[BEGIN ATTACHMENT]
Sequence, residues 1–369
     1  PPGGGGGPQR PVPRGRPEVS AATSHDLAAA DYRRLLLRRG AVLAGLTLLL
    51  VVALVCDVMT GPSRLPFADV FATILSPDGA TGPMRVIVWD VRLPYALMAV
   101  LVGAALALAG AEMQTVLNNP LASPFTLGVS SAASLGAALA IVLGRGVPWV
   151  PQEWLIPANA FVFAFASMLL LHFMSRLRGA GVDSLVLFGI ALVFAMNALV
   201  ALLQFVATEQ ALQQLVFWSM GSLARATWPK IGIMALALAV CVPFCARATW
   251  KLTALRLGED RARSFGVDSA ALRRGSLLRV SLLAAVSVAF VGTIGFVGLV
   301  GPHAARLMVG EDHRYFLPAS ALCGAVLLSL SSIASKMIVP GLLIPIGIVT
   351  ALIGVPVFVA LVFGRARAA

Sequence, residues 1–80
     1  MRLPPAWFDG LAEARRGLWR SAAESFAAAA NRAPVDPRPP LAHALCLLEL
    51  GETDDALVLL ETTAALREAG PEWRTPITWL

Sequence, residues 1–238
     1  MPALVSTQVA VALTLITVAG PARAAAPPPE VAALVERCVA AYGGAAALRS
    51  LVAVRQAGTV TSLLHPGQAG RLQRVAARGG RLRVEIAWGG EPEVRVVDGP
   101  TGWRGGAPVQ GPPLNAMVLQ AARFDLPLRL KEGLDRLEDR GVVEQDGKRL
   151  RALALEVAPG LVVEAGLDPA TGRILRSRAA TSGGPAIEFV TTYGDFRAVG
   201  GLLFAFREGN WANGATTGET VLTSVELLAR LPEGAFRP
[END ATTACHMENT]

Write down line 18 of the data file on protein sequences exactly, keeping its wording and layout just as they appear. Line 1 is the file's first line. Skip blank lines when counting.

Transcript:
   201  GLLFAFREGN WANGATTGET VLTSVELLAR LPEGAFRP